We hope that teachers will forward our newsletter to colleagues and develop its circulation. We
want to make sure we know where it is being read, get feedback on what teachers have thought of it but, above all, get new teachers to join the network and write their own comments and articles.

Where there is support, we will also organise national or regional meetings around particular issues or campaigns so that we can bring teachers together and help plan a way forward. We can also produce material to be distributed at NUT Conference, although our main focus is going to be on classroom teachers rather than national NUT events.

We hope this initiative can help build a network of classroom teachers working together to defend our colleagues and to build a union ready and prepared to take action to change our pay, our workload, our union and our schools.

Martin Powell-Davies 07946 445488


Thursday, January 10, 2008

Preview Newsletter

The CPD newsletter going into schools soon can be seen


Thursday, September 27, 2007

Martin, Hank and Veronica

The general meeting of the West Sussex Teachers Association nominated Martin Powell-Davies and Hank Roberts for the Vice Presidential roles in the NUT.

Veronica Peppiatt was nominated as NUT Executive member for West Sussex and Surrey.

The young teachers' rep pointed out at the meeting that members have been waiting since conference for the union to call a strike over pay and they are beginning to wonder what is going on.

A member who had previously attended the assertiveness training course and came to the meeting very angry with the union about the condition of supply teaching in the county.

By the end of the meeting she was our delegate to the black teachers' conference and one of our delegation to annual conference.

She began on the outside looking in. She ended up on the inside looking out.

Our supply teachers are becoming radicalised by their treatment by West Sussex County Council.


Friday, September 14, 2007

far flung request for the helpline

West Sussex helpline is for stressed teachers in West Sussex to contact the union and the teacher support network when they need help.

However we do get calls from other areas.

The furthest flung query to the WSTA helpline this week was from a teacher in Wales who had found our number on the internet. She wanted to know whether it was part of her job to chase up absences. It was rather flattering but perhaps more NUT branches should consider having a helpline of their own.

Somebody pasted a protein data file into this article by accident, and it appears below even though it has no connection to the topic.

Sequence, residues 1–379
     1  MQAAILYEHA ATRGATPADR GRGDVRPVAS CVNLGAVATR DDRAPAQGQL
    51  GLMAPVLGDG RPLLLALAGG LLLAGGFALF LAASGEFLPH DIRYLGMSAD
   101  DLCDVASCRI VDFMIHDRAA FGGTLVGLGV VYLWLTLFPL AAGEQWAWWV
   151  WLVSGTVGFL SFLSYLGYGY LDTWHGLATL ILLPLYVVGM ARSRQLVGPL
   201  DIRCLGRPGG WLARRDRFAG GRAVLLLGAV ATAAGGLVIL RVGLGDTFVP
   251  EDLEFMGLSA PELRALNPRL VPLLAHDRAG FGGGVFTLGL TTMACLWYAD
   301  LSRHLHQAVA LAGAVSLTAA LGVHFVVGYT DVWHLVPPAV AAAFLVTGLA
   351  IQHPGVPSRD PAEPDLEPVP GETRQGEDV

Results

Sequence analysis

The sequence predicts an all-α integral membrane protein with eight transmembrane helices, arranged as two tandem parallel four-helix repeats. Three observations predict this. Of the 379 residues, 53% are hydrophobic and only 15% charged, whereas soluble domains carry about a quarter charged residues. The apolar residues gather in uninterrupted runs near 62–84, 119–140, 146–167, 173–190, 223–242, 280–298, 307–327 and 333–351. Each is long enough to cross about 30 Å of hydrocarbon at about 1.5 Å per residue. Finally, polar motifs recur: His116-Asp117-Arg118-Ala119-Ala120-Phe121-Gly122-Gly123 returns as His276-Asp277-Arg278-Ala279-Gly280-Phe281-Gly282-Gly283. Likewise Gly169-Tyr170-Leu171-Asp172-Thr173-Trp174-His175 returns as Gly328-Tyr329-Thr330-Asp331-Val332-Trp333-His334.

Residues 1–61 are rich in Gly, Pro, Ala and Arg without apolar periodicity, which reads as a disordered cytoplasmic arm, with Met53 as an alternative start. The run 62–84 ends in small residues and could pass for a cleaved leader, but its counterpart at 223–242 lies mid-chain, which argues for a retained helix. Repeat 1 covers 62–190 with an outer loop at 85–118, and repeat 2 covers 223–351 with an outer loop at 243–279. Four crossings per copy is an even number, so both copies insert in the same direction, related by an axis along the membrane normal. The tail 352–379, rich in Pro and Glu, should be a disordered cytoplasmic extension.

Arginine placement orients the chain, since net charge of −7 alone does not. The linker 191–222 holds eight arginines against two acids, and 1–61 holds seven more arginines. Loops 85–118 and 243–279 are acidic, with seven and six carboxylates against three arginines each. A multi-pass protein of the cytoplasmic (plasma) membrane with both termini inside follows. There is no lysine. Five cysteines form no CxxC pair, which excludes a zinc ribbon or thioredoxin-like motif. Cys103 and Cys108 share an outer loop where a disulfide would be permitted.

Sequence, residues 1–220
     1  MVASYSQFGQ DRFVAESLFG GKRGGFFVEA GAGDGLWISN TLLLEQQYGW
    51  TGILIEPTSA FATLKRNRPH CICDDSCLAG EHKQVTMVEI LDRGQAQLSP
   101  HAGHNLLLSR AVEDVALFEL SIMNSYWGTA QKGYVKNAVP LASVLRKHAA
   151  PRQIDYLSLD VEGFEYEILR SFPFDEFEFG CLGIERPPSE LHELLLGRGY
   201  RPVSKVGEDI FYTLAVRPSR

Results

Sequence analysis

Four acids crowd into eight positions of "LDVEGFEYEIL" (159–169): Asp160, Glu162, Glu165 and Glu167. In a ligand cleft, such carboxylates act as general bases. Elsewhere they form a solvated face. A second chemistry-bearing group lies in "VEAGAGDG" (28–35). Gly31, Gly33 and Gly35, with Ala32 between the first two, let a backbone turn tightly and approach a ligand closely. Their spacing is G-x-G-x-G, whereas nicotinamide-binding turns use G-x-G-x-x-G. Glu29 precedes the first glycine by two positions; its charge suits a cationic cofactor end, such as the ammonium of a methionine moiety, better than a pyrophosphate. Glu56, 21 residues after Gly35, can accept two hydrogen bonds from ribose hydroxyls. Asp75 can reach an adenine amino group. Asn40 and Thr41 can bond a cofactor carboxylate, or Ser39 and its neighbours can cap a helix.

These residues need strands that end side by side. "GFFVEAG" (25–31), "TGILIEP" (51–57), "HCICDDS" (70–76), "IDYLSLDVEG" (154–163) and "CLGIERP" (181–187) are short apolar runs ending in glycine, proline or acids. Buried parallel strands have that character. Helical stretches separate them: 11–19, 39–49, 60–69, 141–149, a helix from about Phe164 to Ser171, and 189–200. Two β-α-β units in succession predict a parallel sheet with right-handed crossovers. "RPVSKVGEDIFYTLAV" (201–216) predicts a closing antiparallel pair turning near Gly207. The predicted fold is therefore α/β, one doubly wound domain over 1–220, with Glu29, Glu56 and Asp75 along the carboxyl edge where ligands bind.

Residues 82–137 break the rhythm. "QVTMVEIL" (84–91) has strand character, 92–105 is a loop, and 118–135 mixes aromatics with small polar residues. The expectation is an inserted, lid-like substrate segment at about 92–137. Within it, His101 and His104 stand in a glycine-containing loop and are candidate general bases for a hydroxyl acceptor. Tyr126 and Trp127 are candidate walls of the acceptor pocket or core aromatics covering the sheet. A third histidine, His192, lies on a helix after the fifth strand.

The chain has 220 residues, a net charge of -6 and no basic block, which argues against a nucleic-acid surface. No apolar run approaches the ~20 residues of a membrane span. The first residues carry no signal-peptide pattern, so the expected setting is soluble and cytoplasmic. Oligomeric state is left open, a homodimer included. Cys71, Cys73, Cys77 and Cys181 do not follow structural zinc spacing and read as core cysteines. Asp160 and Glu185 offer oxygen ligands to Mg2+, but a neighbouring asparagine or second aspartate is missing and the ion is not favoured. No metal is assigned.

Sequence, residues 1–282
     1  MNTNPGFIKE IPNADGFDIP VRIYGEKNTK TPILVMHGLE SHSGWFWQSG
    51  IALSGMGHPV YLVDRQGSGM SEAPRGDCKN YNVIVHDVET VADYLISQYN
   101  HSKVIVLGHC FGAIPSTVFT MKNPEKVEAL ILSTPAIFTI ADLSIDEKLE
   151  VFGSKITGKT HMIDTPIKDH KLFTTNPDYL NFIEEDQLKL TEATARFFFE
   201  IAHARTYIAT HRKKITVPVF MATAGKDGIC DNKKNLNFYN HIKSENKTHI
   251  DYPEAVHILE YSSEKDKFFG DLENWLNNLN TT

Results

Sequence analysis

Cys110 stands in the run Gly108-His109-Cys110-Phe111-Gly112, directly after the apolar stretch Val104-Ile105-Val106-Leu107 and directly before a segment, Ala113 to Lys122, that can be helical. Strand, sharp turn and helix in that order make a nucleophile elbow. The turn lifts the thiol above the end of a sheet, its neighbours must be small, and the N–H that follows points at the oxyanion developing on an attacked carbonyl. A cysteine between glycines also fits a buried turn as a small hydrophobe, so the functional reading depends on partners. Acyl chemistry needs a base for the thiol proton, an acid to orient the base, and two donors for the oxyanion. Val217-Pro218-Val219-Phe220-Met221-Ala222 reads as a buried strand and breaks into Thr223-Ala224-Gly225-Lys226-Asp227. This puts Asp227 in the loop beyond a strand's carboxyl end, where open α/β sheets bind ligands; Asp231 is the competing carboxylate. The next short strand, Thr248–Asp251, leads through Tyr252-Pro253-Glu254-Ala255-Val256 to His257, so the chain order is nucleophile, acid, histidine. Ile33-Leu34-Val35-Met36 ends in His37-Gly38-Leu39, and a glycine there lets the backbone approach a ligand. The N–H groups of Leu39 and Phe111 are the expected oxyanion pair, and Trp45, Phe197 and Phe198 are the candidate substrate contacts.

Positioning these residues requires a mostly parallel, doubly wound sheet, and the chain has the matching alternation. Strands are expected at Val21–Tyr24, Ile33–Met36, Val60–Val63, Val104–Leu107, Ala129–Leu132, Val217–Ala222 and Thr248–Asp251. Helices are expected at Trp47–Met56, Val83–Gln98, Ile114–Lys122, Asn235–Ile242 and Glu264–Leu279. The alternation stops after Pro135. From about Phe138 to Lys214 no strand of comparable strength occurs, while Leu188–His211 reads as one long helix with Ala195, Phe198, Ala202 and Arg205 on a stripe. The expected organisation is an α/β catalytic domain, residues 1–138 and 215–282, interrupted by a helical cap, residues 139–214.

The reply to her query is here

In short of course schools follow up on pupils who are absent but the paperwork is not done by teachers so they can concentrate on teaching.

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Wednesday, April 11, 2007


WSTA delegates did a blog of conference. This is a new idea and makes it possible for the members we left behind to keep abreast of what it happening.

Click Here

Mr Read emailed and asked me to mention his blog

Consider yourself mentioned!

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Saturday, February 17, 2007

Phil Clarke is standing as a young teacher representative

All NUT members under the age of 35 are entitled to vote for the representatives of young teachers. I miss that target by 20 years but I hope Phil Clarke gets elected.

The following is Phil Clarke's statement:

I am seeking election as a recently qualified teacher who believes that the NUT has a vital role to play in defendingyoung teachers and the future of the comprehensive education system.

The main issues I want the union to campaign on for young teachers are:

* excessive workload
* the threat of performance related pay
* housing costs (especially in the South East)

The government seems determined to further divide and privatise the education system with the use of PFI schemes, trusts and academies. In contrast, we need publicly funded and accountable schools which co-operate not compete.

I am a Socialist and an active member of a hospital anti-cuts campaign group. I believe that it is only with a willingness to campaign and fight that the NUT will be able to play its vital role in securing an education system which meets the needs of all pupils.


Thursday, February 01, 2007

Censorship in West Sussex

Here is a funny thing.